TMJ in Las Vegas, NV
The good news is that for most people, pain in the area of the jaw joint or muscles is not a signal that a serious problem is developing. Generally, discomfort from TMD is occasional and temporary, often occurring in cycles. The pain eventually goes away with little or no treatment. Only a small percentage of people with TMD pain develop significant, long-term symptoms.
What Is the Temporomandibular Joint?
Detail of the temporomandibular joint connecting to the lower jawThe temporomandibular joint connects the lower jaw, called the mandible, to the temporal bone at the side of the head. If you place your fingers just in front of your ears and open your mouth, you can feel the joint on each side of your head. Because these joints are flexible, the jaw can move smoothly up and down and side to side, enabling us to talk, chew and yawn. Muscles attached to and surrounding the jaw joint control its position and movement.
When we open our mouths, the rounded ends of the lower jaw, called condyles, glide along the joint socket of the temporal bone. The condyles slide back to their original position when we close our mouths. To keep this motion smooth, a soft disc lies between the condyle and the temporal bone. This disc absorbs shocks to the TMJ from chewing and other movements.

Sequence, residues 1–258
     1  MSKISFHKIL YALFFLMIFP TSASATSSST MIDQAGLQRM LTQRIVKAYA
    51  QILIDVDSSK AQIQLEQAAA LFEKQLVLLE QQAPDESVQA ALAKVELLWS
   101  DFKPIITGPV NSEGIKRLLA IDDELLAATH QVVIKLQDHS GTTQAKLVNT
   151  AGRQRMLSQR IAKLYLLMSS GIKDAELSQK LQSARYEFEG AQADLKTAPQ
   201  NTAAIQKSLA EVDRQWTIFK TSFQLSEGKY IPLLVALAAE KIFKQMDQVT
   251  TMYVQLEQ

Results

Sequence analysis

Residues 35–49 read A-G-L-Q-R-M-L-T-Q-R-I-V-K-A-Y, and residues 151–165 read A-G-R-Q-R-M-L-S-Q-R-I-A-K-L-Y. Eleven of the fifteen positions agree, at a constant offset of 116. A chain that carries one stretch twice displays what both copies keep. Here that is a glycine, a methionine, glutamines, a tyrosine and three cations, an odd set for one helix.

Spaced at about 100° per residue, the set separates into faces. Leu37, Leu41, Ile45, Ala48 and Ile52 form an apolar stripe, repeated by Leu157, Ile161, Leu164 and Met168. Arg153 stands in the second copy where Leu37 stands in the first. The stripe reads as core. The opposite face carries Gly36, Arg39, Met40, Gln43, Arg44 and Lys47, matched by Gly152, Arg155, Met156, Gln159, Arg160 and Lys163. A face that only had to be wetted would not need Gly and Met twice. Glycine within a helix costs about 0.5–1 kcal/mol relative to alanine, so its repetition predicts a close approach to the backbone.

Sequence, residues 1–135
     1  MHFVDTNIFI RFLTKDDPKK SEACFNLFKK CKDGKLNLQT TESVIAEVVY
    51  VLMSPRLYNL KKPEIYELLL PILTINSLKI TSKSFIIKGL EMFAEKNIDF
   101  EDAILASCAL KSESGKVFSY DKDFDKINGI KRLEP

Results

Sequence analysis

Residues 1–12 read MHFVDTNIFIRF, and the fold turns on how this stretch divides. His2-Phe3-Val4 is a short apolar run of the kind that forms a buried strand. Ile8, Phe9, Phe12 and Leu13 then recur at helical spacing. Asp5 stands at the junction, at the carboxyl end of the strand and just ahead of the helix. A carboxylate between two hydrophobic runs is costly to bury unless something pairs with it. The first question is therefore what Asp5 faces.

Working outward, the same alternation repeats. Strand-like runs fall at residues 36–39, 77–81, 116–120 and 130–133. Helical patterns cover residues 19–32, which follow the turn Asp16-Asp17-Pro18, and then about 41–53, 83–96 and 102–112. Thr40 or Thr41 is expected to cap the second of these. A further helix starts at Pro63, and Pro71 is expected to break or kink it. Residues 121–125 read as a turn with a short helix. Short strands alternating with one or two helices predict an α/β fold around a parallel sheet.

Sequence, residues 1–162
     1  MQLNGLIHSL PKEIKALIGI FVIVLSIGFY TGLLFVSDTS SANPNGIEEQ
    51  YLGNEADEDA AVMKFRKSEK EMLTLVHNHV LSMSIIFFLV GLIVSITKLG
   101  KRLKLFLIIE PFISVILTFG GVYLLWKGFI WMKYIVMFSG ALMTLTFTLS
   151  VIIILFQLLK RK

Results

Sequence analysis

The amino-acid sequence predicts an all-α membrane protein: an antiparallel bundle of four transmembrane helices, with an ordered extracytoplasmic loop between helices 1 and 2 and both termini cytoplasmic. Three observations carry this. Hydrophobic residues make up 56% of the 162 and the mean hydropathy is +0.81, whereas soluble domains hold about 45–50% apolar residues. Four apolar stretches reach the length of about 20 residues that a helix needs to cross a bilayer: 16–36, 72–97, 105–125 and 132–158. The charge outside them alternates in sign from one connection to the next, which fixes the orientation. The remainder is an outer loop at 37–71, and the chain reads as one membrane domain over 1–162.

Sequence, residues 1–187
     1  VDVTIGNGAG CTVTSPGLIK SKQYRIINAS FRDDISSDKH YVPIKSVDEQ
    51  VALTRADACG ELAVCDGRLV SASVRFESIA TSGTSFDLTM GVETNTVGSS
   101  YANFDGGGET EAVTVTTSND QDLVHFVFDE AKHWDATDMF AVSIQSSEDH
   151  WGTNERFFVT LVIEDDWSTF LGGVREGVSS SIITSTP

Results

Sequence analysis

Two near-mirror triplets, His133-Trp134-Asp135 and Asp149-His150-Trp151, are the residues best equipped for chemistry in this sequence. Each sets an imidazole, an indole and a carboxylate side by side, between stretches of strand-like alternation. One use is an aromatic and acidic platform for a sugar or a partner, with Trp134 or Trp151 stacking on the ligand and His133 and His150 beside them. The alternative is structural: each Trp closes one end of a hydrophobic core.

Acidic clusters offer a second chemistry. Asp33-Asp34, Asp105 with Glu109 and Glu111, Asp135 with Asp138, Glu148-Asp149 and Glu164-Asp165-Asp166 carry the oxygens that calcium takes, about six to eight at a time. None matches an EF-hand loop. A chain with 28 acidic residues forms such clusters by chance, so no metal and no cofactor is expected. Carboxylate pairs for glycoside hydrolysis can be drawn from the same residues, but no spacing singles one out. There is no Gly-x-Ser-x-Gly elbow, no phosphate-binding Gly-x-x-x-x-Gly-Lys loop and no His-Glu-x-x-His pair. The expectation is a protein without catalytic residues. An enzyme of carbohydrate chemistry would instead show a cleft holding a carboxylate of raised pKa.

What Are Temporomandibular Disorders?
Today, researchers generally agree that temporomandibular disorders fall into three main categories:
- myofascial pain, the most common form of TMD, which is discomfort or pain in the muscles that control jaw function and the neck and shoulder muscles;
- internal derangement of the joint, meaning a dislocated jaw or displaced disc, or injury to the condyle;
- degenerative joint disease, such as osteoarthritis or rheumatoid arthritis in the jaw joint.
A person may have one or more of these conditions at the same time.